Monday, November 21, 2011

Gig: Pemi Paull

Pemi Paull

The Music Gallery. Thursday, March 3, 2011.

Decided to head out to the Music Gallery for a different sort of show than the sort of thing I usually attend. Maybe I was in the right "classical" mindset due to the stuff I'd been thinking about all week at the New Creations Festival, but I was in a mood to put my MG membership to good use — it meant this show was only five bucks for me to get into and explore something off the beaten path.1

Or very off the beaten path, as the case may be. When I showed up, I looked to be the first and only patron on hand. I was feeling slightly awkward until someone else showed up, and then a slow trickle of people a few minutes later. As the house opened, there was a crowd just shy of twenty.

It felt weird to see absolutely no gear in front of the stage at all — just a music stand. This would be most definitely "unplugged", with Pemi Paull's viola amplified only the by reverberations from the church ceiling. Paull, from Montreal, emerged and engagingly chatted a bit about the pieces he was going to play. Memorably, he talked about the descending four-note bass riff as one things that draws the history of music together, a connective thread drawing together his first selection, H.I. Biber's "Passacaglia" (from the 17th century, and one of the first-ever compositions for solo violin) to, say, "Hit the Road Jack".

Paull then played a piece by Michael Finnissy, whose work is part of a school known as "the new complexity".2 No surprise then that this required a lot of focus from Paull, and as he got into it, the only sound besides his music was the whoosh of his breath and an occasional creak from the spot of the floor he was standing on. On completing the piece, he looked quizzically at his music stand, as if he was unsure he was done — a little punchy, like a boxer after an intense round.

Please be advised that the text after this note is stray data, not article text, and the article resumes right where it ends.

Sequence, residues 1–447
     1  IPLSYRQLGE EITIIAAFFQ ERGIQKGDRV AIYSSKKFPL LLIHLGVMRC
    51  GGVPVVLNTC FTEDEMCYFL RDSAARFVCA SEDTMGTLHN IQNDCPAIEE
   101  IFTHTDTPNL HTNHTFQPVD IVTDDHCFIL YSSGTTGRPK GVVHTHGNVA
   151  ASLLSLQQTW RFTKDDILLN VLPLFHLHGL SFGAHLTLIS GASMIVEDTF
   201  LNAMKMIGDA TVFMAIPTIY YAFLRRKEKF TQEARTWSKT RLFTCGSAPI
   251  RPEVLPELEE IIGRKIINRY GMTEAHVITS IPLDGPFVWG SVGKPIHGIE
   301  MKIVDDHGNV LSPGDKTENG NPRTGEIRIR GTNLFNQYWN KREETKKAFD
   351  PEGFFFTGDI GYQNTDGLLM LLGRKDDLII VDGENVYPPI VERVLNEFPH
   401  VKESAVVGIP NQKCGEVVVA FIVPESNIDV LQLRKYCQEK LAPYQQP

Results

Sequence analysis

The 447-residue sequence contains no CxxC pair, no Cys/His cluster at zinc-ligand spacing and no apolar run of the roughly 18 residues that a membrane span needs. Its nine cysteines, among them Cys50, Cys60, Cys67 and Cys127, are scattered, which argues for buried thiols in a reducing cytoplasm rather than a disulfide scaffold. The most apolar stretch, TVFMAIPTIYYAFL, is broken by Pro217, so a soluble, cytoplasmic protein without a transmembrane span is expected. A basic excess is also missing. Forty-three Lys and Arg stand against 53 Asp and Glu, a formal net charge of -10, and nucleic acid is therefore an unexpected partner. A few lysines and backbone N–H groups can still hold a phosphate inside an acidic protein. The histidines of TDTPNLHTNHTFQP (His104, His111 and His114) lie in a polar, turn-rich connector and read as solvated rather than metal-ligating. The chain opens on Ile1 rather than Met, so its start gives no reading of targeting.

Slightly less taxing, the rest of the first set was dominated by "Garrowby Hill", a new work in four movements by Canadian Michael Oesterle, with a definite vibe of a bleak rural night. There were some "fiddle"-y elements in the first movements that had echoes of Celtic reels before it headed further down a darkened backroad.

Then a much-needed intermission, given how much Paull was putting into it. It was amusing to watch him play in an "action stance", leaning into a semi-crouch when he was really getting into the music. Before the second set's closing partita, he joked to the crowd, "Now I'm warmed up" for the dexterous, challenging finale. By the end, loose hairs from his bow were lashing around. Wonderful stuff to listen to, and a more-than-worth-it change of pace.

Genre notwithstanding, it's quite pleasing to see that Paull operates much like any other "indie" musician, with a full online presence — not just a website, but a well-written tumblr, twitter account and a lot of videos on his youtube channel — all of which is rather helpful in the never-easy quest to pull in people from outside the narrow "classical music" community.3

1 Seriously! Five bucks! You can't beat that. If you're not already, you should really consider becoming a Music Galley member today. And in a similar vein, I note that the first programme in this season's "Emergents" programme (coming up Friday, November 25, 2011) is similarly $5 at the door for members.

2 I'm sure, like me, that you just added that to your list of potential future band names.

3 Paull is a busily-working musician in Montréal, but it should be noted he'll be back in town in a couple months, playing a couple shows — including an interesting-looking chamber music trio gig at Gallery 345 on Saturday, February 4, 2012.

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